Women On Film – “Taken” – Susan Granger reviews

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This exploitive jaunt to the City of Lights is brutal, intense – and soon forgotten.

There’s no question that former government operative Bryan Mills (Liam Neeson) is still at the top of his game, working as a Los Angeles security guard and saving the life of a pop starlet (Holly Vance). But when his estranged 17 year-old daughter, Kim (Maggie Grace), begs for permission to spend a few weeks on holiday in Paris with her friend Amanda (Katie Cassidy), he’s understandably reluctant, even though his bitter ex-wife (Famke Janssen) and her new, wealthy husband (Xander Berkeley) are in favor of the trip which, incidentally, involves following U2 all over Europe.

Mills’ worst fears are soon realized when kidnappers grab Kim while she’s talking to her father on the phone. “I will find you and I will kill you,” he threatens them.

Rushing to his daughter’s rescue, he discovers that she’s being held by thugs from an Albanian underground in an Eastern European prostitution ring and, if he’s going to save her, he has to outwit a deceitful French secret service agent (Mathieu Busson). Meanwhile, the clock is ticking because Mills’ intelligence contacts have warned him that he has only 96 hours to find Kim before she vanishes forever into a sex slavery underground that’s seemingly propelled by slobbering Saudi oil sheiks seeking nubile virgins.

Written by Luc Besson with Robert Mark Kamen and directed by Pierre Morel, whose previous outings helming the low-budget “District B-13” and photographing “Transporter” and “Unleashed,” this is an urgent, hyper-kinetic thriller, marred by shaky camerawork and disconcertingly quick cuts, plus a particularly gruesome torture sequence that reflects what Mills learned in the CIA, not to mention the rampant racial/ethnic stereotyping.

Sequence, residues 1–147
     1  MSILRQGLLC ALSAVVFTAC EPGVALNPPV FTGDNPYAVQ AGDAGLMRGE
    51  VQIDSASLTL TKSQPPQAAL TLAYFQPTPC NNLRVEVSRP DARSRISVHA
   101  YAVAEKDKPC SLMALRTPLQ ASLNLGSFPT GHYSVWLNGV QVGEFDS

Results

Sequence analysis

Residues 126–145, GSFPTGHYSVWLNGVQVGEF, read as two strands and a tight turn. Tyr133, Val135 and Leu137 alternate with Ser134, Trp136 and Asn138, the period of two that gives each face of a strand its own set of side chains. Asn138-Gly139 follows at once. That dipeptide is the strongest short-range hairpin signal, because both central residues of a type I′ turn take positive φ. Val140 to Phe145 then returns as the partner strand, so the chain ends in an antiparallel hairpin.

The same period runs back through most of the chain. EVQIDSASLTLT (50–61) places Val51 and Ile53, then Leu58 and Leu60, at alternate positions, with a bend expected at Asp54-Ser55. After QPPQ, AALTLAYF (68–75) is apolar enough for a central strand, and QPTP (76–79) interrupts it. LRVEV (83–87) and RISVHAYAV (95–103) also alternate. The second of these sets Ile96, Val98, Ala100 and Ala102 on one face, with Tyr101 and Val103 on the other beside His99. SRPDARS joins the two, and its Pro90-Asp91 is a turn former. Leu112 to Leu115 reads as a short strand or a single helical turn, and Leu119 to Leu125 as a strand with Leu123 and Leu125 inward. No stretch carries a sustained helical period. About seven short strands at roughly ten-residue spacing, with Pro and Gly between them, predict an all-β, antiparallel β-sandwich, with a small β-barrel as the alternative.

Known primarily for his dramatic roles in “Schindler’s List” and “Kinsey,” Irishman Neeson proves himself as an unrelenting, vigilante action hero. Although the perfunctory script utilizes few of his finely-toned acting abilities, he manages to convey some depth of character, even in the fight sequences.

On the Granger Movie Gauge of 1 to 10, “Taken” is a pulse-pounding 5. This exploitive jaunt to the City of Lights is brutal, intense – and soon forgotten.

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Susan Granger

Susan Granger is a product of Hollywood. Her natural father, S. Sylvan Simon, was a director and producer at R.K.O., M.G.M. and Columbia Pictures; her adoptive father, Armand Deutsch, produced movies at M.G.M. As a child, Susan appeared in movies with Abbott & Costello, Red Skelton, Lucille Ball, Margaret O'Brien and Lassie. She attended Mills College in California, studying journalism with Pierre Salinger, and graduated from the University of Pennsylvania with highest honors in journalism. During her adult life, Susan has been on radio and television as an anchorwoman and movie/drama critic. Her newspaper reviews have been syndicated around the world, and she has appeared on American Movie Classics cable television. In addition, her celebrity interviews and articles have been published in REDBOOK, PLAYBOY, FAMILY CIRCLE, COSMOPOLITAN, WORKING WOMAN and THE NEW YORK TIMES, as well as in PARIS MATCH, ELLE, HELLO, CARIBBEAN WORLD, ISLAND LIFE, MACO DESTINATIONS, NEWS LIMITED NEWSPAPERS (Australia), UK DAILY MAIL, UK SUNDAY MIRROR, DS (France), LA REPUBBLICA (Italy), BUNTE (Germany), VIP TRAVELLER (Krisworld) and many other international publications through SSG Syndicate. Susan also lectures on the "Magic and Mythology of Hollywood" and "Don't Take It Personally: Conquering Criticism and other Survival Skills," originally published on tape by Dove Audio.